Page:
Caroline Sharp, Matt Walker, Sarah Lynch, Jack Worth, Ellen Greaves, Daniele Bernardinelli , Liz Puntan , Simon Burgess , Richard Murphy
19 October 2017
This report provides findings from research which explored schools’ responses to recent changes to the system for deciding teachers’ and leaders’ pay. This included the abolition of automatic progression for teachers and the introduction of performance-related pay. The project was commissioned by the Department for Education and undertaken by a team from the NFER, the Institute for Fiscal Studies, the University of Bristol and the University of Texas at Austin. The study ran from 2014 to 2017 and involved a rapid review of research literature, large-scale headteacher and teacher surveys, case-study visits to eight schools, and an analysis of national data.
- Almost all local authority maintained schools have introduced pay reform, as have a majority of academies, even though academies were not required to do so.
- The introduction of pay reforms appears to have gone smoothly, although many teachers (66 per cent) reported that the process of gathering and reviewing evidence for performance reviews has added to their workload.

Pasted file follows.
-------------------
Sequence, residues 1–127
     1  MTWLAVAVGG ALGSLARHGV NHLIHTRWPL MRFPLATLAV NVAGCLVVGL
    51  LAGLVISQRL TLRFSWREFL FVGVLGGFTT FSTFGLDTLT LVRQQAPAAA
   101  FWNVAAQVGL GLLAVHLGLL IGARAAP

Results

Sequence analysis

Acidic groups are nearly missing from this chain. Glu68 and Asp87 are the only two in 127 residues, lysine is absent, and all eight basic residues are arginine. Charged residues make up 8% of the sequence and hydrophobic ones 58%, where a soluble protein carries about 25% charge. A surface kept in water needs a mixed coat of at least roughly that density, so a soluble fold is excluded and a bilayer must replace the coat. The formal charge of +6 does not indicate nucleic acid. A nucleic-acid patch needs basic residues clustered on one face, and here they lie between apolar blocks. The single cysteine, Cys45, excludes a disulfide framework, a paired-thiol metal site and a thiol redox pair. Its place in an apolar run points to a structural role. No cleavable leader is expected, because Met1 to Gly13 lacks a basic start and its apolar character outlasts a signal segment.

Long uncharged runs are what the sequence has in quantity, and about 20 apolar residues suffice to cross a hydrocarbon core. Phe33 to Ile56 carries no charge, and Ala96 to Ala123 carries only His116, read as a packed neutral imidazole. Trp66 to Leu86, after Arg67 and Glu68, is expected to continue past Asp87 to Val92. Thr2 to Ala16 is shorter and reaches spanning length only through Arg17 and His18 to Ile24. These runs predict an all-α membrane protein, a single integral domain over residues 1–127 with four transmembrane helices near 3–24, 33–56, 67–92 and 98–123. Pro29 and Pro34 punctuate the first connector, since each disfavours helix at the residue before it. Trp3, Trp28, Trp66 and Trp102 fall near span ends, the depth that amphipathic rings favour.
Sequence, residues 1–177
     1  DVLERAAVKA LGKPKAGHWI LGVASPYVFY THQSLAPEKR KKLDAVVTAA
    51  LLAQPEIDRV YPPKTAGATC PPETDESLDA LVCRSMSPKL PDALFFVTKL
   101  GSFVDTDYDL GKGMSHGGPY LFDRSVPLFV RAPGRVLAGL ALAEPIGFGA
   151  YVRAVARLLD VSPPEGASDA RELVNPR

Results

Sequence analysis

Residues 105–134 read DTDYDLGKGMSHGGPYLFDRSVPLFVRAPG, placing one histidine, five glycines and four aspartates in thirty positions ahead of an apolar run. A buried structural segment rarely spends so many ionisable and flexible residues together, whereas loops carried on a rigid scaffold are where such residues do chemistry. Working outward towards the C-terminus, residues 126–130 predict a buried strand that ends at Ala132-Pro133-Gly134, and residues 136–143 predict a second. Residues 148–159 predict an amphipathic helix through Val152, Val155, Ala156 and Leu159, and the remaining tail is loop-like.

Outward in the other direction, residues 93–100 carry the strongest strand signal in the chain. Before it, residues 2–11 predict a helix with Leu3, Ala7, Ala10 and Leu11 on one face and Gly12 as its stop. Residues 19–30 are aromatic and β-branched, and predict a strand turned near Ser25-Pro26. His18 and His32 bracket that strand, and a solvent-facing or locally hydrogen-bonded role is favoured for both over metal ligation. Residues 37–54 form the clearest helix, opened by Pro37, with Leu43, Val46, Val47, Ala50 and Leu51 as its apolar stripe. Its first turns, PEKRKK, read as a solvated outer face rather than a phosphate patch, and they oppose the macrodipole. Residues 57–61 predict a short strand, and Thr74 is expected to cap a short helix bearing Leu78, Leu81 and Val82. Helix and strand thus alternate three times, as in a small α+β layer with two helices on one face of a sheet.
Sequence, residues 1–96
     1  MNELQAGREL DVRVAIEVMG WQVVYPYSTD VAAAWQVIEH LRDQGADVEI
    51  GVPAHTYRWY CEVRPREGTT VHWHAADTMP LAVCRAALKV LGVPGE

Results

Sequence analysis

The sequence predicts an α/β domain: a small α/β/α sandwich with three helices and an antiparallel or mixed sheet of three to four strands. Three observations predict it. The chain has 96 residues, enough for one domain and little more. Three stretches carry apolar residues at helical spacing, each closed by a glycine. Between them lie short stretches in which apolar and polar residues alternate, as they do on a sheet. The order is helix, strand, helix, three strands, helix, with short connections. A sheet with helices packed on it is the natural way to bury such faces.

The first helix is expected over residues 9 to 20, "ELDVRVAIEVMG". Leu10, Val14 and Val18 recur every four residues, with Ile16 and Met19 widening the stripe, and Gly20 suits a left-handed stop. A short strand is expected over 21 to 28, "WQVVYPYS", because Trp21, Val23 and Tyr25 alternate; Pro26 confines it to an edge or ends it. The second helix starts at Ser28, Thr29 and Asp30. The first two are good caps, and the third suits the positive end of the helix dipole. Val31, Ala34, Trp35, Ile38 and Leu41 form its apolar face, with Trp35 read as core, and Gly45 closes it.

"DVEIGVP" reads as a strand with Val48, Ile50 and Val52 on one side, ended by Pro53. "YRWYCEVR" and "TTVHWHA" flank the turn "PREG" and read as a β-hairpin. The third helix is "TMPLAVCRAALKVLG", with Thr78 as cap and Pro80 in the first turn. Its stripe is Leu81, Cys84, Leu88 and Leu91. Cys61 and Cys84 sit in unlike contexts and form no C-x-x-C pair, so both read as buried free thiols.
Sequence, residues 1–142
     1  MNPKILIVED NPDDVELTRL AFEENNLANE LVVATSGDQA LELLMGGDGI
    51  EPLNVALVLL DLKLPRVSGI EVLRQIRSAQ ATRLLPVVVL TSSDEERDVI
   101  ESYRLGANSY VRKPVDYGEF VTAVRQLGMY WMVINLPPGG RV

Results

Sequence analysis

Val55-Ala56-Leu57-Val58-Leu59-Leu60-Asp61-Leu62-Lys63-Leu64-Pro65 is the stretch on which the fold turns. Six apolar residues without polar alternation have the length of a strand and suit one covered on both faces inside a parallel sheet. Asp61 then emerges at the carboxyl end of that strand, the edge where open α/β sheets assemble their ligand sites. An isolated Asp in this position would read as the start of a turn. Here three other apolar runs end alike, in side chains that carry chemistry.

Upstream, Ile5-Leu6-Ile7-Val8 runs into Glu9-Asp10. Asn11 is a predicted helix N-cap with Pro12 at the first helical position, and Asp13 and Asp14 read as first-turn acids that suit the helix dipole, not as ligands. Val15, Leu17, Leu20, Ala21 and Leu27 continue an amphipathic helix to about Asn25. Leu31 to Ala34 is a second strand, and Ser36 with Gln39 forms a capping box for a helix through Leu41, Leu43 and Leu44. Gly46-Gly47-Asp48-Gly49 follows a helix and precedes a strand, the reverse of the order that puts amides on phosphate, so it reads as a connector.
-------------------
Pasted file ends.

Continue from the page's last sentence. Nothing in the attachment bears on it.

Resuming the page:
- Many schools were still awarding annual increases in line with the previous ‘spine points’, but there is evidence of an increased variance in annual teacher pay awards following the reforms, suggesting that some schools had moved away from the previous system.
- Fewer than one in ten headteachers (7 per cent) reported that the pay reforms had had a positive impact on their efforts to recruit teachers, although a third reported that the pay reforms had impacted positively on their ability to keep their existing teachers.
- It appears that most schools have adopted similar reforms. This is likely to have been affected by the period of public sector pay restraint, which coincided with the pay reforms, as well as a desire by headteachers to adopt similar policies to those of neighbouring schools.